Last night the Erwin Center was filled with traditional Mexican music and culture when Luis Miguel took the stage. His songs ranged from soft and romantic to bold and feisty. No matter the song choice, the crowd enjoyed a full night of Luis Miguel hits sung in his native Spanish. What many people do not know is that the Frank Erwin Center (ERC) staff had to adjust to the Spanish language long before “El Sol” de Mexico even entered the building.
The story goes like this: what happens when a promoter speaks Spanish, and your staff does not? Never fear…the translator is here! My name is Luis Hernandez and I have been working in the administration office at the Erwin Center for about 12 years. I do not normally have any association with event operations or planning at the venue. In fact, the only contact I have with a show is distributing or collecting flyers, tickets, banners and wire transfers that pass through my hands onto others.
About three weeks ago, I was asked to sit in an operations meeting to translate for Luis Miguel’s promoter and the ERC staff. The meeting took me back to when I was in grade school and had to translate for my mom during parent-teacher conferences. But back in those days, I felt each sentence I translated was another nail in my coffin. However, this time was much different since I was not being condemned as I translated but instead helping both parties. Thanks to my superb translating skills, I was asked to attend the show as a working staff member in case my assistance was needed again. I have never worked a show before, so I was thrilled about the opportunity and looked forward to experiencing all the action that occurs in back of the house.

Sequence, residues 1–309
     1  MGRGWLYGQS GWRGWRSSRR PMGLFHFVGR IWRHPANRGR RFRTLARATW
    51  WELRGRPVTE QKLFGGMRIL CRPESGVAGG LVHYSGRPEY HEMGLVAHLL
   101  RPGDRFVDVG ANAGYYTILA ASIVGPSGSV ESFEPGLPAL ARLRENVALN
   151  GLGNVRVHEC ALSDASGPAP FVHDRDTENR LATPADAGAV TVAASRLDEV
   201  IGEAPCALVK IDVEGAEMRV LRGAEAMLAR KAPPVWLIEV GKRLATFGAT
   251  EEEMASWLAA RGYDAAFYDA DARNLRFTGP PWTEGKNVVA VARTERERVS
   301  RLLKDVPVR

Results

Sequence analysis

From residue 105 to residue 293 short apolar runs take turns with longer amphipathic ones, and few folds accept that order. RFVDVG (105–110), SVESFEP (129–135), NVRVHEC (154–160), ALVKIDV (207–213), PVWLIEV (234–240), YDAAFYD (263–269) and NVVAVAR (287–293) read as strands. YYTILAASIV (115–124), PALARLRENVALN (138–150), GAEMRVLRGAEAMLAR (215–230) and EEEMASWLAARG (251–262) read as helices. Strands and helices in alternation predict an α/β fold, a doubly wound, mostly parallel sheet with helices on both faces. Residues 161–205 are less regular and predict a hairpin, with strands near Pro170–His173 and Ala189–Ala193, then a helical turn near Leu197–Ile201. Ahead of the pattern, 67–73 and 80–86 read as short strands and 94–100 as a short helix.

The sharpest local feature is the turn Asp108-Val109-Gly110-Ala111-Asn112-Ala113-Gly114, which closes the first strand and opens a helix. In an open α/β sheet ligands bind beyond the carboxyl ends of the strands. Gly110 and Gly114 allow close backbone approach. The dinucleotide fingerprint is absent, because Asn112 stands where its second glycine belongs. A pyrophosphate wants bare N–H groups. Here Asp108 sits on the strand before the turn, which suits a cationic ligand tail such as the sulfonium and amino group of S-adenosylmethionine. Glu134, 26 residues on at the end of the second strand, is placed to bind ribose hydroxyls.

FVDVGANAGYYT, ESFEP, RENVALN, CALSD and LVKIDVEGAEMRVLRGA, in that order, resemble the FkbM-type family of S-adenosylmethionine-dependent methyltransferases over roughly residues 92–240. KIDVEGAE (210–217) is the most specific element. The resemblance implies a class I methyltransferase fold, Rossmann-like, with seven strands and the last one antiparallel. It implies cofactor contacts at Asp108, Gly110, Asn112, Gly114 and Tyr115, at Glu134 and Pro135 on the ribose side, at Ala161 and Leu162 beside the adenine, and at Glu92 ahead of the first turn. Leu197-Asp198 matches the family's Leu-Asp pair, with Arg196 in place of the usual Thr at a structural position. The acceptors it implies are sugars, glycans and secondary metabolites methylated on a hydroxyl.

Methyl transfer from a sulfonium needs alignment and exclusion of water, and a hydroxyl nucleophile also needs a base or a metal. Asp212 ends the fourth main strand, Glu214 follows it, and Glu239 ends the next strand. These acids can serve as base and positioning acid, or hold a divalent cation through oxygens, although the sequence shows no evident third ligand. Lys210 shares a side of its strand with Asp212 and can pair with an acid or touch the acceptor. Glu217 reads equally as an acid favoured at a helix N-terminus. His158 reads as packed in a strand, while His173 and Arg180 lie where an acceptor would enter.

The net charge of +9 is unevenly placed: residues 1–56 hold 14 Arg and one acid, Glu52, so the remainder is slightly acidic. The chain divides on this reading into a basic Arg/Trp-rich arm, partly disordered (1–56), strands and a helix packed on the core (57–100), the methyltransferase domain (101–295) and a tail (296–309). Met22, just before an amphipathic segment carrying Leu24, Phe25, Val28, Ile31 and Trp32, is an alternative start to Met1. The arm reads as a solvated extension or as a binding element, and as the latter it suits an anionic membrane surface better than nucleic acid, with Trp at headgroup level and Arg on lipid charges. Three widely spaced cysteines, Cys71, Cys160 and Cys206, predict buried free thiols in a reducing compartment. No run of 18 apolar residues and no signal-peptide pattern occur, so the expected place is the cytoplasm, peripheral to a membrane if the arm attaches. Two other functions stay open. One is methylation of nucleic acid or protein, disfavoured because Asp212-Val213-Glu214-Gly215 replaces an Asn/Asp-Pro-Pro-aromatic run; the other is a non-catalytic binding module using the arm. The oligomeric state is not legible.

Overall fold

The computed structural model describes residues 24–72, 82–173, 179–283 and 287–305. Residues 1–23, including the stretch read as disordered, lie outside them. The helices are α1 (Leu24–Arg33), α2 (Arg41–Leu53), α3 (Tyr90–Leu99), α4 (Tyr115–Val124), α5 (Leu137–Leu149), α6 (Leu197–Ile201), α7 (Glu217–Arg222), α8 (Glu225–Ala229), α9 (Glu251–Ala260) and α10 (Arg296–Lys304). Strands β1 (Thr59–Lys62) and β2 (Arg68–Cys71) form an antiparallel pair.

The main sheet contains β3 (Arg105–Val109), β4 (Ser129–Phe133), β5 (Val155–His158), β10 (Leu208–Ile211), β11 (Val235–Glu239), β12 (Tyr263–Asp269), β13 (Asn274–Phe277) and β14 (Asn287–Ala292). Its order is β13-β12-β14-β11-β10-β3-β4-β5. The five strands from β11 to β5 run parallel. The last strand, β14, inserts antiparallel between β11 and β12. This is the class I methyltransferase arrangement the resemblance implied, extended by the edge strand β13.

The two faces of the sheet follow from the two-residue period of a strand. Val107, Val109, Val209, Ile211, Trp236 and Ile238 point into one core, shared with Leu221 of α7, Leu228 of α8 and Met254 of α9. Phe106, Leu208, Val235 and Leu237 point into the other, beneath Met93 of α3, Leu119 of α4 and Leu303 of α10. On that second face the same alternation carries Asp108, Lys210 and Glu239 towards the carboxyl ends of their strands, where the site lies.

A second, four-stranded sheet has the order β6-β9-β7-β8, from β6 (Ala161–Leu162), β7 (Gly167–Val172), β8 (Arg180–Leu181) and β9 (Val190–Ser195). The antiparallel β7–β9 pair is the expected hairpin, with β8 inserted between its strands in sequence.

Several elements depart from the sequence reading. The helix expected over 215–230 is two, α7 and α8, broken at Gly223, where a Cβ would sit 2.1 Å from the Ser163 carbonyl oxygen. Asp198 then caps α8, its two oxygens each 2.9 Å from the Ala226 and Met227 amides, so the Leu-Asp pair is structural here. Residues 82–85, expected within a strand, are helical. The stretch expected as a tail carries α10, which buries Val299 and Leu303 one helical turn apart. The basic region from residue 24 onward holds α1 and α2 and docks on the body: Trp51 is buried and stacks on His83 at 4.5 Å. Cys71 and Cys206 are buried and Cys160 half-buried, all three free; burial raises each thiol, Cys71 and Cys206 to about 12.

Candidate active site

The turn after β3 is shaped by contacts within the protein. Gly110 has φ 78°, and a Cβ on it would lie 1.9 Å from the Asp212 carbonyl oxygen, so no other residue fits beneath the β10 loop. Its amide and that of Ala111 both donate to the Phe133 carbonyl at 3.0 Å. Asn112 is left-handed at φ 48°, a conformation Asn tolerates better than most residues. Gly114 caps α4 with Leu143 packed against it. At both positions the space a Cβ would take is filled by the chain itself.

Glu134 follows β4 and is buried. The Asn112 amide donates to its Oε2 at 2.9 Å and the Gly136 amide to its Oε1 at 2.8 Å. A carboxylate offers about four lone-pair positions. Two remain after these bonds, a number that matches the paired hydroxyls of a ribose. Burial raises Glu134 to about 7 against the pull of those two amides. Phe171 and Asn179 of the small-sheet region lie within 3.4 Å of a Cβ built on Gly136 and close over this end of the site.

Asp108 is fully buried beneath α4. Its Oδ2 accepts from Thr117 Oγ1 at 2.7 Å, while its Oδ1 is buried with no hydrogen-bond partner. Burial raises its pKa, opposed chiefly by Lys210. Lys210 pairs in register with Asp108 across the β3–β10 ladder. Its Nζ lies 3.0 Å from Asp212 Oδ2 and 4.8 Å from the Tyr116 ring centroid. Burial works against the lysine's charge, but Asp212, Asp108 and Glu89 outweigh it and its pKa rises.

On the day of the show, I went with Tara Vela, the assistant marketing manager at ERC, to meet with the promoter for Luis Miguel and go over the advertising packet. It contains all the documents detailing how the venue utilized media to promote the show. Soon after that, Thom Ramirez, the box office manager, and I met with the promoter and went over the event settlement report that broke down the expenses of the show from how many tickets were sold to production costs, technical support, staff and catering.
After a long day at work, I was ready to enjoy the concert. During my tenure at the Erwin Center, I’ve learned that a lot of planning, contract meetings and paperwork are involved when putting on a show, but experiencing it first-hand was very interesting. The ecstatic crowd, the glow of thousands of cameras and the sound of the audience singing along was all worth it. The part that I enjoyed the most was when the mariachi took the stage and the crowd went wild. It was unbelievable; a mariachi group on stage at the Erwin Center surely was a proud moment.
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